WASHINGTON, June 21, 2013 ― Facebook and email users just looking to catch up with family and friends across the miles are getting more than they bargained for when it comes to social networking and email security measures.
The use of social networking sites such as Facebook, and sites that provide search, email and other services, like Google, generates vast quantities of data and preserves surprisingly detailed information about individual users. Security agencies are now demanding that the companies that keep these data turn them over, putting the government in possession of information that many Americans consider personal and private.
So far only limited amounts of information are being handed over the National Security Agency (NSA) and the Justice Department. However, most people are unaware of just how much information projects like the NSA’s PRISM are collecting from the internet, nor do we know the extent to which these agencies are using the Foreign Intelligence Security Act (FISA) to expand their surveillance of Americans. It is also unclear to what degree the information will be used.
Limited in their ability to say how much information was requested, Facebook was able to reveal that in 2012, they had data requests from government entities on every level affecting 18,000 and 19,000 accounts. Microsoft was also able to reveal recently that they had data requests affecting between 31,000 and 32,000 accounts.
FBI Deputy Director Sean Joyce said that an attack on the New York Stock Exchange was stopped because of the NSA and other security agencies tapping into private phone, email and internet usage of American citizens. This sort of thing is the justification for the widespread searches and seizures of private information. However, claims like these involve selective disclosure of information, making the validity of the claims suspect. Claims that terrorist attacks have been thwarted have been met with considerable skepticism.
People may feel some general unease about government surveillance, but it’s unlikely that many people will change their internet habits out of concern for privacy. The internet is just too useful to abandon. On the margin, some people will make more payments in cash. There has been increased interest in search engines that don’t preserve personal information. There may be some self-censorship as people wonder who could end up reading their mail or hearing their phone calls, but most people won’t bother.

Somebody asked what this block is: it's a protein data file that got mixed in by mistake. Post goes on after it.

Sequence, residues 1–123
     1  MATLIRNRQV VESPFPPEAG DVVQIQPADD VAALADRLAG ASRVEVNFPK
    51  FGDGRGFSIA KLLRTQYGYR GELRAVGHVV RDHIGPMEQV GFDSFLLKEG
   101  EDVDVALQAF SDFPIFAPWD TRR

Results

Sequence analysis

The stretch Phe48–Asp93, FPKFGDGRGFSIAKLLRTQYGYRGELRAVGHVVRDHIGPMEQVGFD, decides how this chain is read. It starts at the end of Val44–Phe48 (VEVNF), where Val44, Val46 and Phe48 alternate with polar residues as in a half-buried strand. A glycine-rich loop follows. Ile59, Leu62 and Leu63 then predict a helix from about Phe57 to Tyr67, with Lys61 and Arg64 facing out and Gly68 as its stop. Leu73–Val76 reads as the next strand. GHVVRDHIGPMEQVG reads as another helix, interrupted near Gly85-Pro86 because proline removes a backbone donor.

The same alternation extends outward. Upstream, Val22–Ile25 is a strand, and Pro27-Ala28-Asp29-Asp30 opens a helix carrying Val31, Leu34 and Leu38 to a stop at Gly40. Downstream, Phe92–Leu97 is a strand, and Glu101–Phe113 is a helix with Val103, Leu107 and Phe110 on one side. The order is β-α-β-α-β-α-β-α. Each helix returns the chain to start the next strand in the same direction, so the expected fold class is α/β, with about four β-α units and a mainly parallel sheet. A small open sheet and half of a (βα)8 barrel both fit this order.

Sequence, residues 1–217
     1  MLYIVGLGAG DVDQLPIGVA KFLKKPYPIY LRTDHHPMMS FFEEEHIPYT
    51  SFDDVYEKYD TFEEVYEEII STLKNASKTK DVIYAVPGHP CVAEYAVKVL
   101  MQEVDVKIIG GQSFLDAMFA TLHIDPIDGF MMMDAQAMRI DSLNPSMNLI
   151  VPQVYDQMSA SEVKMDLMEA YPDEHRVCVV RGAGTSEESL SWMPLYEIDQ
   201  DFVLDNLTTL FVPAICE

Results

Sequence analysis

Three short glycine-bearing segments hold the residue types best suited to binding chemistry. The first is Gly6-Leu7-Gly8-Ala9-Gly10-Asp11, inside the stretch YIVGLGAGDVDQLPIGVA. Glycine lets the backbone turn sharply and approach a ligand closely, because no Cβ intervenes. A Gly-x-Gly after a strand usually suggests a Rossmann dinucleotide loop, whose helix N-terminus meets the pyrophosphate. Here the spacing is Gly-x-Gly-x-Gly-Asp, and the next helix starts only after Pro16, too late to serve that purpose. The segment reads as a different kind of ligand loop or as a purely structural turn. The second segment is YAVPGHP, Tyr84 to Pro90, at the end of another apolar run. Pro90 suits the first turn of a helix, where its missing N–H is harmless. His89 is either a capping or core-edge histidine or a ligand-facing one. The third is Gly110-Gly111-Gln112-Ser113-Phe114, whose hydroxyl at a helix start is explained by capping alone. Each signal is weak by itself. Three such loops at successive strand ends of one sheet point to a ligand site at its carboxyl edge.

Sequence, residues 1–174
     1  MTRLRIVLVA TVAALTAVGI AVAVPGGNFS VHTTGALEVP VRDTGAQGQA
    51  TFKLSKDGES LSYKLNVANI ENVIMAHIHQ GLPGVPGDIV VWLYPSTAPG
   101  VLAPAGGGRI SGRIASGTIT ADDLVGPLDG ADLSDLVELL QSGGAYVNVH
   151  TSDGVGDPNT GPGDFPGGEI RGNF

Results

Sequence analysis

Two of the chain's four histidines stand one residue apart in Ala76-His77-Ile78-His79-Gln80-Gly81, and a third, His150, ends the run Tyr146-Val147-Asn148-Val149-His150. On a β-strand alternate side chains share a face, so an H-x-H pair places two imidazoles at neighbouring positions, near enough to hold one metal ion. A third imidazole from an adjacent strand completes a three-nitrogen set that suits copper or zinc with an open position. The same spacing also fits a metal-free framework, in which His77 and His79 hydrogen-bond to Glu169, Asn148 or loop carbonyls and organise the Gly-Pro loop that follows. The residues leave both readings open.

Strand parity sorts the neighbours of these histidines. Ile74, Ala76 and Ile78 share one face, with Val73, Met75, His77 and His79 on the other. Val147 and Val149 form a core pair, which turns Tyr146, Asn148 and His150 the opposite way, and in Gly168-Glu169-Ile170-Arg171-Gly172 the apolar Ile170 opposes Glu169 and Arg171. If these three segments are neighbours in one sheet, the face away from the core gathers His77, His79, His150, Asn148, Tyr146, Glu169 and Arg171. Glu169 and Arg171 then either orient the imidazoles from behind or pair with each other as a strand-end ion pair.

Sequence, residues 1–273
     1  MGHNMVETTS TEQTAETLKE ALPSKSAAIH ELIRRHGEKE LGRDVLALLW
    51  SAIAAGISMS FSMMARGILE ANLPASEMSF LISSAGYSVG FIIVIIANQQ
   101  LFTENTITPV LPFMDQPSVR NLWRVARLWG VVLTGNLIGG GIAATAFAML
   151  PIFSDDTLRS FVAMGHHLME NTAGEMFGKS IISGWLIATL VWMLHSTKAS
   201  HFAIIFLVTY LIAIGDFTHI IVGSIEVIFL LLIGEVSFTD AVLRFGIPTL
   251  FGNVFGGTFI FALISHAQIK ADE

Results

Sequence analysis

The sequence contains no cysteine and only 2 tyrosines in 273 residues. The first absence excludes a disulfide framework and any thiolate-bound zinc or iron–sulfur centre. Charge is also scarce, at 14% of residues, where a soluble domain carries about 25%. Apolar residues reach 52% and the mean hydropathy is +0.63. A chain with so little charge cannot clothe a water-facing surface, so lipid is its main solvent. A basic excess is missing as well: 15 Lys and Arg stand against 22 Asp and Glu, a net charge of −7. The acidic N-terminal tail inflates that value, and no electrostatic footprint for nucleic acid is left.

Sensitivity to loss of privacy creates more of an “ick-factor” in the minds American citizens than outrage. The biggest problem facing intelligence agencies and the politicians who oversee them may be increased second guessing from people who are unable to judge what’s reasonable and necessary in terms of data collection and national security. The true cost is a loss of confidence in the integrity of the intelligence gathering process and in oversight, and that will inevitably corrode the ability of these agencies to do a critical job if it isn’t dealt with in a prompt, open and serious way.
The Fourth Amendment to the United States Constitution says,
“The right of the people to be secure in their persons, houses, papers, and effects, against unreasonable searches and seizures, shall not be violated, and no Warrants shall issue, but upon probable cause, supported by Oath or affirmation, and particularly describing the place to be searched, and the persons or things to be seized.”
Being secure in persons, houses, papers, and effects means that we have a right to expect reasonable searches and seizures of property, including personal information like phone records and emails. Otherwise, all manner of reasons may be applied as to the number of golden opportunities attainable from access to unlimited, unfocused data mining.
In the wake of overbroad searches breaking pubic trust, a new emphasis on accountability and rule of law is important to reestablish trust and demonstrate understanding of the Fourth Amendment.
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